Papendreou’s government takes shape

euronews channel-Greece’s new Prime Minister Georges Papandreou has wasted no time naming his economy and finance ministers, as he faces a ballooning deficit and soaring youth unemployment. Papendreou’s socialist Pasok party won last Sunday’s election with a comfortable majority in parliament, ousting conservative prime minister Costas Karamanlis.

57-year old Louka Katseli comes in as economy minister.She served as economic adviser to Papandreou’s father, Andreas, when he was prime minister in the 1990s. The post of finance minister has been given to 49-year old Georges Papaconstantinou, a close adviser to the new prime minister. He has played a leading role in the new face of Pasok.

One of the first challenges for the government is to draft next year’s budget by November. Greece’s deficit is estimated to be running at more than six percent. This is double the Euro zone’s limit of three percent. By splitting the ministry of national economy and finance in two, Papandreou has signalled that his government’s top priority is fighting the crisis.


French Socialists look to heal old wounds

Divided by differences, France’s beleaguered Socialist party has set out to heal ties in the hope of making itself electable.

Its leader Martine Aubry says she wants to restore morale by reforming its political agenda and obtain agreement on who should be its next presidential candidate.

“What have we heard in Nicolas Sarkozy’s big speeches…the hand on his heart..the finger always pointed at unscrupulous bosses to limit high salaries and bonuses…that’s what we’ve heard but today there’s been no result…still nothing,” she told the party’s annual strategy session in La Rochelle.

Still bruised after its bashing in the European elections, France’s Socialists have struggled to reverse their dwindling fortunes; so there is widespread agreement that big changes are needed.

Socialist deputy, Arnaud de Montebourg said: “I thought she was solid and creative. That’s what we need to move forward together and create a new left.”

Yet unresolved internal wrangles still threaten to derail the Socialists as members remain split over what direction the party should take.

Shake-up for French Socialists in bid to beat Sarkozy

France’s opposition Socialist leader has pledged a radical shake-up of the divided party, with US-style primaries to pick its next presidential candidate.

Last time round, the left’s big hope, Segolene Royal, failed to beat Nicolas Sarkozy. But activists, gathering for a summer conference, hope root and branch reform will produce a very different result in 2012.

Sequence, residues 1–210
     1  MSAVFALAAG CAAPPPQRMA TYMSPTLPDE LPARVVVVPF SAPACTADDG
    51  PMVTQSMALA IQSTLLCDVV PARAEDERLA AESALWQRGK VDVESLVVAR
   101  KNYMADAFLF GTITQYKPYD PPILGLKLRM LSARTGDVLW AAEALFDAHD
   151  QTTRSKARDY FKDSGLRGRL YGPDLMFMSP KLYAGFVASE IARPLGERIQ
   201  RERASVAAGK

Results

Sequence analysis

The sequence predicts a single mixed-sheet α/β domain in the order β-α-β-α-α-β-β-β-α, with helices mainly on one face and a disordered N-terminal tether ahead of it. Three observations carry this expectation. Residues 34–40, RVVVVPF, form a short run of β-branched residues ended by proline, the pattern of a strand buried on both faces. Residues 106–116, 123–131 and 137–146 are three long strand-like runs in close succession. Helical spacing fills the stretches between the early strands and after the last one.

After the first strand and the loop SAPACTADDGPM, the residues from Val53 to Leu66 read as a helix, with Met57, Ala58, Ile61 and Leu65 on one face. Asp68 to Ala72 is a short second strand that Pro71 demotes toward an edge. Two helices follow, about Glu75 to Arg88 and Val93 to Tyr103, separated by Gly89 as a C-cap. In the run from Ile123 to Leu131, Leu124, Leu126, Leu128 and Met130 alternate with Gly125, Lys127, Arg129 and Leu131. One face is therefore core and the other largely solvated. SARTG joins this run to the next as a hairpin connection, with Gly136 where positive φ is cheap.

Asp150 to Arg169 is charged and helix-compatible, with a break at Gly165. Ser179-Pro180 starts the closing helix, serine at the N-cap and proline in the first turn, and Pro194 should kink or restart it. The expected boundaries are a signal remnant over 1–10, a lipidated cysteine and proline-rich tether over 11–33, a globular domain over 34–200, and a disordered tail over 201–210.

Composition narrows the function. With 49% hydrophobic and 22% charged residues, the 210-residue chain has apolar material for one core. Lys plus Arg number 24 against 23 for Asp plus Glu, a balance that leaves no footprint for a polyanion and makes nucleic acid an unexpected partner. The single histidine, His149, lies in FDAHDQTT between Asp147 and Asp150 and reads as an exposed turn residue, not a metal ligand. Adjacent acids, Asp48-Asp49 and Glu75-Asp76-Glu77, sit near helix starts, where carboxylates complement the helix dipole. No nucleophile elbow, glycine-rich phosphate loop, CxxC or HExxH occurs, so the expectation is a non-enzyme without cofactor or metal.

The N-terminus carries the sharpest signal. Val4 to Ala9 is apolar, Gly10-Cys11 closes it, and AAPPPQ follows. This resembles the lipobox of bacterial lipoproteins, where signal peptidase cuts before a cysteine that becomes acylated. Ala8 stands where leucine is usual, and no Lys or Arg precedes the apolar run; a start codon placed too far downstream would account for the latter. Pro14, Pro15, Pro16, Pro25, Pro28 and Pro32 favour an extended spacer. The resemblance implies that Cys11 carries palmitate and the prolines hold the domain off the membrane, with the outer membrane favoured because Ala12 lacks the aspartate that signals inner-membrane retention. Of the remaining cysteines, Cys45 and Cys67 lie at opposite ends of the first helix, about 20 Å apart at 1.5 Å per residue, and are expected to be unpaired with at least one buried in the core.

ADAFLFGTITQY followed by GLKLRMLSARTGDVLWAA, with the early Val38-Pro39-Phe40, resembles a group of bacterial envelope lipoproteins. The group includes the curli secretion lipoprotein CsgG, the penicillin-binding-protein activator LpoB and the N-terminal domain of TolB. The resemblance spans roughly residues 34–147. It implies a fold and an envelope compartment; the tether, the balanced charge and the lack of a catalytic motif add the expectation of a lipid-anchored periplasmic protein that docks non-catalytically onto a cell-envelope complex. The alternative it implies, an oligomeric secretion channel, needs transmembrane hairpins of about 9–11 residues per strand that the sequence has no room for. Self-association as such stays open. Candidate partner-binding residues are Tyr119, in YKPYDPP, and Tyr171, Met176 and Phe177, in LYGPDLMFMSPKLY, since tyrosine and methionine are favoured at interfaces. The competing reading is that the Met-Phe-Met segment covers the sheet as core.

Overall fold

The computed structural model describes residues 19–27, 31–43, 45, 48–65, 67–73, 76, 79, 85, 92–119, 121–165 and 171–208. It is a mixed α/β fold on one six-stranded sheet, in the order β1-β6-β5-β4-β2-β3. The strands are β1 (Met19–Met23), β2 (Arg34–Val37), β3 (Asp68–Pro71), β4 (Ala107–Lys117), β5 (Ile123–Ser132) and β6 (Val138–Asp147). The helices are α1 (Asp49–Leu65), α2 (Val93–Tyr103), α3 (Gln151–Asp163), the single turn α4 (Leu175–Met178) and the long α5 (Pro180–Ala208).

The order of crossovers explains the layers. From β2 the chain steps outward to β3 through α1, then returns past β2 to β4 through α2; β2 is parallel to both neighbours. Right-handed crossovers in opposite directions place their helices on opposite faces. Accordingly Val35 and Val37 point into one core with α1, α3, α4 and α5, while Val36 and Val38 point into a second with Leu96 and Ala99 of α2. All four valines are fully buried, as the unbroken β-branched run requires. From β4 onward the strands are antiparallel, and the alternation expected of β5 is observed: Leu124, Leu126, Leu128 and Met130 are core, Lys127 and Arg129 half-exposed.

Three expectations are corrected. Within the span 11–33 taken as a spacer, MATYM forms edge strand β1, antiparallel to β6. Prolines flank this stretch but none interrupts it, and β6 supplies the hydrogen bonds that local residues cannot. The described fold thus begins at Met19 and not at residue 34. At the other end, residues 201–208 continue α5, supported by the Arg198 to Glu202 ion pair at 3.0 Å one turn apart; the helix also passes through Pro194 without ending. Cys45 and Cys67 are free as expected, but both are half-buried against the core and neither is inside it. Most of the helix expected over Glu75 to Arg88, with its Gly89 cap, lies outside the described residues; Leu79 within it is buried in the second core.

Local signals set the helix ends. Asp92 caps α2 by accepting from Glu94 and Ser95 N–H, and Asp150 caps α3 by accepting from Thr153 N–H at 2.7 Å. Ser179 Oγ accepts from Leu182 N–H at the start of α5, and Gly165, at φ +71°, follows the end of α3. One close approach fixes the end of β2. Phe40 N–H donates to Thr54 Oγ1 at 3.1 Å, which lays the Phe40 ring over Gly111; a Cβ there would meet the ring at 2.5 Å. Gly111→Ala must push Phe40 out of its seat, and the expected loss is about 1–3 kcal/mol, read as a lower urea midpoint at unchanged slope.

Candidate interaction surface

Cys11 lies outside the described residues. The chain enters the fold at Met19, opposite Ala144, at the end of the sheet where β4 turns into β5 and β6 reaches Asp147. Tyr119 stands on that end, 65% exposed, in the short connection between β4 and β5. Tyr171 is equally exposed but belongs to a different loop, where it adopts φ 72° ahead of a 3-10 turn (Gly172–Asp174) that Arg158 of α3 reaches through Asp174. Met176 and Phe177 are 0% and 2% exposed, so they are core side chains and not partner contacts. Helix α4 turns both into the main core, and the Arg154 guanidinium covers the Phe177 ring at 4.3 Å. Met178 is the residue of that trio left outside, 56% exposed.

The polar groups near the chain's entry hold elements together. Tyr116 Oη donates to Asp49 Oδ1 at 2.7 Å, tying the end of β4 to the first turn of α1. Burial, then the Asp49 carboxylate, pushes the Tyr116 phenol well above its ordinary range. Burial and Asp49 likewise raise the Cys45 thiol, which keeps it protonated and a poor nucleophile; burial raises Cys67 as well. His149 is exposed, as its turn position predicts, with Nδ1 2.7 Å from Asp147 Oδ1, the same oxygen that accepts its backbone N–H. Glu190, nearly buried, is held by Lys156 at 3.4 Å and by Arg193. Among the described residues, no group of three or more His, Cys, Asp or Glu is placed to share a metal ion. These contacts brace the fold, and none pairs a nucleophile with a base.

Martine Aubry, who defeated Royal in a leadership vote last November, rallied the troops with calls for changes from A to Z.

That is music to the ears of Arnaud Montebourg, one of the Socialists’ rising stars, who threatened to quit the party unless the principle of primaries was accepted. For him, the overhaul promised by the leadership is nothing short of revolutionary, with the creation of a new Socialist Party the reward.

It has all got the gathering at the Atlantic Port of La Rochelle off to a buoyant start but some squabbling is set to continue. The big question now is whether the primaries should be open to others on the left or only Socialist Party members.

French socialists look for ‘US-style’ reform

The leader of the fractious French socialists Martine Aubry has pledged to rejuvenate and unite the divided party at its summer conference in La Rochelle.

Key to what she called an “A to Z renovation” would be American-style primaries to choose a candidate capable of challenging President Nicolas Sarkozy in the 2012 election.

Party members are eager for change.

“It’s wrong for the party to have remained unchanged for more than 100 years. It makes my hair stand on end. We must agree on primaries, but it must be done tomorrow and we must ensure that the infighting stops once and for all,” said one socialist supporter.

Announcing the launch of a consultation process to decide if the primaries should be open to everyone or just members of the Socialist Party, Aubry urged positive action.

“I’m not interested in empty promises or grandiose statements. I do not like too much navel gazing, I like the collective. I discuss, I discuss, I debate with my colleagues to fight for a better tomorrow,” she said.

Aubry has been facing mounting criticism from frustrated party members and a public that wants the socialists to stop squabbling and come up with new political and economic ideas.

French Socialists go for open primaries

French Socialist leader Martine Aubry has jumped off the fence and come down in favour of open primary elections for the next presidential candidate. Except that she has not said which sort in a press article out today.

Many of the party big guns had already plumped on an extended plebiscite as the best way to renew the PS and take it back into power. Unity is what it has always lacked.

“We want the vote to be open to anyone on the left, for the simple reason that candidates chosen by primaries can unite everyone better,” said a supporter of the idea.

However any move to make politics even more presidential in France is met with resistance. Some are very sceptical about primaries.

“I’m against them because I think we will produce another Segolene Royale, in other worlds a candidate who looks good in the media but who maybe is not the best,” said a party activist.

Others from the PS and beyond into the Communists, Greens, and factions of the centrist MODEM party, favour an even more radical reform; opening candidacy up as well, meaning a united left leader need not be a Socialist.